Anise is most commonly used for indigestion (dyspepsia) and a long-term disorder of the large intestines that causes stomach pain (irritable bowel syndrome or IBS). It is also used for many other conditions, but there is no good scientific evidence to support most of these uses.
In foods, anise is used as a flavoring agent. It has a sweet, aromatic taste that resembles the taste of black licorice. It is commonly used in alcohols and liqueurs, such as anisette and ouzo. Anise is also used in dairy products, gelatins, meats, candies, and breath fresheners.
In manufacturing, anise is often used as a fragrance in soap, creams, perfumes, and sachets.
How does it work ?
Uses & Effectiveness ?
Possibly Effective for
- Indigestion (dyspepsia). Some research shows that taking anise powder daily for 4 weeks reduces stomach discomfort, bloating, and pain following a meal in people who have indigestion after eating.
- A long-term disorder of the large intestines that causes stomach pain (irritable bowel syndrome or IBS). Some research shows that taking a capsule containing anise oil daily reduces pain and bloating in people with IBS.
Insufficient Evidence for
- Asthma. Early research shows that drinking one cup of a tea containing anise and multiple other ingredients reduces coughing and sleep discomfort in people with allergic asthma.
- Constipation. Early research shows that drinking an herbal tea containing anise, fennel, elderberry, and senna daily for 5 days improves constipation in some people.
- Depression. Some research shows that taking a capsule containing anise oil daily for 4 weeks improves feelings of depression in people with irritable bowel syndrome (IBS).
- Diabetes. Early research shows that taking anise seed powder daily for 2 months lowers blood sugar levels in people with diabetes.
- Lice. Early research shows that applying a spray containing anise oil, coconut oil, and ylang ylang oil to the scalp helps to get rid of head lice. The effect of this combination spray appears to be comparable to a spray containing the chemicals permethrin, malathion, piperonyl, butoxide, and isododecane.
- Symptoms of menopause. Early research shows that taking anise seed extract daily for 4 weeks reduces how often menopausal women get hot flashes.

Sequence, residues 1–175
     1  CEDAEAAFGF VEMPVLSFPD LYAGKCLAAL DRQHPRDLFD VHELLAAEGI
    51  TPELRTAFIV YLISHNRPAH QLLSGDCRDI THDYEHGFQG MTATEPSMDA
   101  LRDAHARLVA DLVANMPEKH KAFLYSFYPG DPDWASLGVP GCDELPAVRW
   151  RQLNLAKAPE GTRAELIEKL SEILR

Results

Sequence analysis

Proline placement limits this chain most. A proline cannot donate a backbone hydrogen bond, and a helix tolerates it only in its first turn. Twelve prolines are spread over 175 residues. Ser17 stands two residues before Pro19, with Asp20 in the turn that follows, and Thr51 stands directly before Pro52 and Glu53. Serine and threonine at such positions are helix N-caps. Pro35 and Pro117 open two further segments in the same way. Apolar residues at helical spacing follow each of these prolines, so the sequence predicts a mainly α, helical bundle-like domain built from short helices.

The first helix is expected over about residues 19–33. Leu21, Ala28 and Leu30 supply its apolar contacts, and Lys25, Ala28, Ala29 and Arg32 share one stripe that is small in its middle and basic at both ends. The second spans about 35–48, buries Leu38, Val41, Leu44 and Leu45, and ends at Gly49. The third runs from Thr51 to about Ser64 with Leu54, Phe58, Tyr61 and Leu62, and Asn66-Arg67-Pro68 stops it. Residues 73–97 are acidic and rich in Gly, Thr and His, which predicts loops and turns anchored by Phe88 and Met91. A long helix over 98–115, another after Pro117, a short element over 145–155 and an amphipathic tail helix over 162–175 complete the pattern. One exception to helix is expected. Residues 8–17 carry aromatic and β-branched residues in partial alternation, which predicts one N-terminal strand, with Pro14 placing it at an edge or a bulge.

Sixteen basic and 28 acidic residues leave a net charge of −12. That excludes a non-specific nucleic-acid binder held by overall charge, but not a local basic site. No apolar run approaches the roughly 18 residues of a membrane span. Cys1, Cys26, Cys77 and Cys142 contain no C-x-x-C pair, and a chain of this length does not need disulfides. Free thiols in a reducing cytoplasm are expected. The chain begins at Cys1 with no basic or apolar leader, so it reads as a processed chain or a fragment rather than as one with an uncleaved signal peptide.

- Migraine. Some early evidence shows that applying a cream containing anise oil to the forehead area at the start of a migraine might improve the headache by a small amount. But people in this study could smell the anise cream. It is not clear if this effect is due to applying the cream to the forehead, to the smell of the cream, or to a "placebo effect."
- Premenstrual syndrome (PMS). Early research shows that taking anise extract one week before menstruation, and continuing for 3 days after, improves symptoms of PMS.
- Increasing breast milk.
- Increasing sex drive.
- Itchy skin infection caused by mites (scabies).
- Scaly, itchy skin (psoriasis).
- Starting menstrual periods.
- Other conditions.
Special Precautions and Warnings
Children: Anise is LIKELY SAFE for most children when taken by mouth in amounts typically found in foods. There isn't enough reliable information to know if anise is safe for children to use in medicinal amounts.
Allergies: Anise might cause allergic reactions in some people who are allergic to other plants that are similar to anise. Plants that are similar to anise include asparagus, caraway, celery, coriander, cumin, dill, and fennel.
Diabetes: Anise might lower blood sugar. Watch for signs of low blood sugar (hypoglycemia) and monitor your blood sugar carefully if you have diabetes and use anise.
Hormone-sensitive condition such as breast cancer, uterine cancer, ovarian cancer, endometriosis, or uterine fibroids: Anise might act like estrogen. If you have any condition that might be made worse by exposure to estrogen, don't use anise.